“Consultations are still under way and the post of the prime minister is still vacant.”
These were the words Ahmed El-Moslemani, the newly-appointed media advisor to Egypt’s interim president, offered to a press conference at the presidential palace Saturday night, where the press corps was gathered expecting a briefing from Mohamed ElBaradei, announced earlier as having been assigned Egypt’s premiership.
The press conference took place two hours later than schedule, starting at 10pm Cairo local time, and was attended by neither ElBaradei or Adly Mansour, the interim president of Egypt who took the oath Thursday, within 24 hours of the ouster of former president Mohamed Morsi.
Mansour and ElBaradei were officially scheduled to make a brief joint appearance. ElBaradei was then to give a press conference on his vision for the tough interim phase that Egypt faces until a new president is elected.
With a cool smile and measured words, Al-Moslemani insisted that ElBaradei is a strong contender who was received during the day by Mansour and that he could end up being assigned the premiership, but that there were other options — which he did not share — that were being considered.
Al-Moslemani subtly pushed aside suggestions that ElBaradei’s nomination had been rejected by the Salafist El-Nour Party, a former ally of ousted president Morsi that eventually turned its back on the Muslim Brotherhood and joined the opposition. ElBaradei is the general coordinator of the National Salvation Front (NSF), the wide umbrella of anti-Morsi opposition groups. “There was no official nomination made to be declined,” Al-Moslemani said. He also countered news that ElBaradei had reconsidered on the same basis.
“We are passing through a very sensitive political phase and we are aiming to put together a government that will really be in charge of managing a crisis situation [on the economic and socio-political fronts] and the presidency is keen to have an inclusive approach in the composition of this government,” Al-Moslemani told the press conference.
He added that there will be no quota-based approach to the composition of the government, which he said “should be expected soon, in the wake of the announcement of the prime minister’s name shortly.”
While not excluding the possibility of ElBaradei taking the position, Al-Moslemani said that Mansour was conducting consultations with other potential candidates by phone.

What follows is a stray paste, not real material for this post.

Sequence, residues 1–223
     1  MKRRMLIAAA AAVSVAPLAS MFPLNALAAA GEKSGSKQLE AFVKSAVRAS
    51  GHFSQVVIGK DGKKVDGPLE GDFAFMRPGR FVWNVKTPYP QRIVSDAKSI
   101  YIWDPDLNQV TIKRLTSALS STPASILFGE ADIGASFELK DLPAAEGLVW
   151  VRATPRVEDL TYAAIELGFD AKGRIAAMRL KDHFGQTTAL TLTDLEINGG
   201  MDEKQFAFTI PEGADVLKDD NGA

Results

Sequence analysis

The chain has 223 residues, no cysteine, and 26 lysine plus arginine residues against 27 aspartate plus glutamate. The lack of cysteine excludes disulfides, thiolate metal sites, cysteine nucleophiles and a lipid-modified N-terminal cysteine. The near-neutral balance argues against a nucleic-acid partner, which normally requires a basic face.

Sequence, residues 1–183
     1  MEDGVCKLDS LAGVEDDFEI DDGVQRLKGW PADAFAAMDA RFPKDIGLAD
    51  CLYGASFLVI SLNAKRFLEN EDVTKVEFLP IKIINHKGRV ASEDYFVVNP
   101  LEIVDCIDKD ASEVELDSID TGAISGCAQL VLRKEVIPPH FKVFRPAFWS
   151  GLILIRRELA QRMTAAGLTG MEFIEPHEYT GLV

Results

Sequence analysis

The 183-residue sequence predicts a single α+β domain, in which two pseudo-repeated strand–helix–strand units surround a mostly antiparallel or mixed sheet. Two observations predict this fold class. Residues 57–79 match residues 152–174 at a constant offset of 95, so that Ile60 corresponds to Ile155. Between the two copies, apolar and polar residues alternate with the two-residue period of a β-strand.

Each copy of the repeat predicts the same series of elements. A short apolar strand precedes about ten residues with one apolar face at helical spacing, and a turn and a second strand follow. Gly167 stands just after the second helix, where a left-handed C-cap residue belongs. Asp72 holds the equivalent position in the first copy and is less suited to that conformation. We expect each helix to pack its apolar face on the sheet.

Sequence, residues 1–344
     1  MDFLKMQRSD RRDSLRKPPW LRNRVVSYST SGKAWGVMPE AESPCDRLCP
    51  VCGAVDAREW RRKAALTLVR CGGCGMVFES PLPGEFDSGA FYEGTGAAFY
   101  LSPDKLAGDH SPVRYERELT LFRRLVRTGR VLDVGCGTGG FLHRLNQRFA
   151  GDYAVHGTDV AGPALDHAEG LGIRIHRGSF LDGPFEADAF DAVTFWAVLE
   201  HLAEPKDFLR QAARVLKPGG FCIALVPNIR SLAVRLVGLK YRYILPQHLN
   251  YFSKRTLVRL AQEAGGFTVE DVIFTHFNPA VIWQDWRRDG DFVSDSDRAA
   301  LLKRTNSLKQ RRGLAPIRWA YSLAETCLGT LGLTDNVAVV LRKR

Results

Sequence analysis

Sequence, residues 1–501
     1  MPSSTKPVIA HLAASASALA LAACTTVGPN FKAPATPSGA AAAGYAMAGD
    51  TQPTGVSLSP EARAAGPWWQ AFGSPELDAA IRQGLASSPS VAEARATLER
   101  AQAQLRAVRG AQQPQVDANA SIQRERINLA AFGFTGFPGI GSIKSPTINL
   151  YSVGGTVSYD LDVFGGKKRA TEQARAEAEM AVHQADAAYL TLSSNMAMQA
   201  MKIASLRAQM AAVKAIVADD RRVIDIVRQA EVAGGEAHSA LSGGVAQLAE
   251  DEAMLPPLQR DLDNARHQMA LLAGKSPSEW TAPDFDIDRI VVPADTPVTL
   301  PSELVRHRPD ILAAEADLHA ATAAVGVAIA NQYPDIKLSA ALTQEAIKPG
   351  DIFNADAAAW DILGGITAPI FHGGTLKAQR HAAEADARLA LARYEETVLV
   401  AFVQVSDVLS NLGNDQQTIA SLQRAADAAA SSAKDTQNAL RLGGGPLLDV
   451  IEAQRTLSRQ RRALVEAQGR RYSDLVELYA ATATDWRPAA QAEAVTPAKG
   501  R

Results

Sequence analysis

“There are several choices and it is logical that ElBaradei is the prime choice of the revolutionary youth. But there are other forces that have been proposing other candidates,” the media advisor said.
He insisted that the government to be announced soon would be, as army chief General Abdel Fattah El-Sisi promised, a technocratic government. “But this does not mean that it cannot have a politician for its head,” he added.
“The times are very crucial and we have to be very careful with where we are heading, to avoid unnecessary hiccups,” Al-Moslemani said.
Dismay spread in revolutionary quarters following news on that ElBaradei’s assignment was not certain. The Tamarod (Rebel) movement that collected 22 million petition signatories withdrawing confidence from Morsi, and spearheaded subsequent calls for demonstrations leading to the ouster of Morsi, had proposed ElBaradei as its choice of interim political leader.
On several TV programmes, leaders of the group said they are determined “more now than before” to support the nomination of ElBaradei, saying this support would be demonstrated in mass demonstrations Sunday that the NSF has called for.
Meanwhile, a leading figure of El-Nour Party told Ahram Online that his party takes exception to the assignment of any NSF figure as prime minister because this would mean that power was extracted from one side (Morsi) to be passed over to the obvious adversary.
“We are still convinced that we need to avoid political escalation and to avoid the antagonisation of an already devasted political Islam youth who would inevitably conclude that President Morsi, the Islamist, was removed to allow a liberal-secular figure to take over. We are still convinced that a technocrat with an economic background is a priority for now.”
For his part, Hamdi Hassan, a Muslim Brotherhood figure, said that the next government is a “coup-assigned” government and that the Islamic youth will not sit and watch while “the seculars” take over. “We don’t recognise the next government anyway,” he said.
A large group of Morsi supporters are still holding sit-ins across Cairo and Giza, among other governorates, demanding the return of Mohamed Morsi. Early news of the assignment of ElBaradei to the premiership prompted their fury.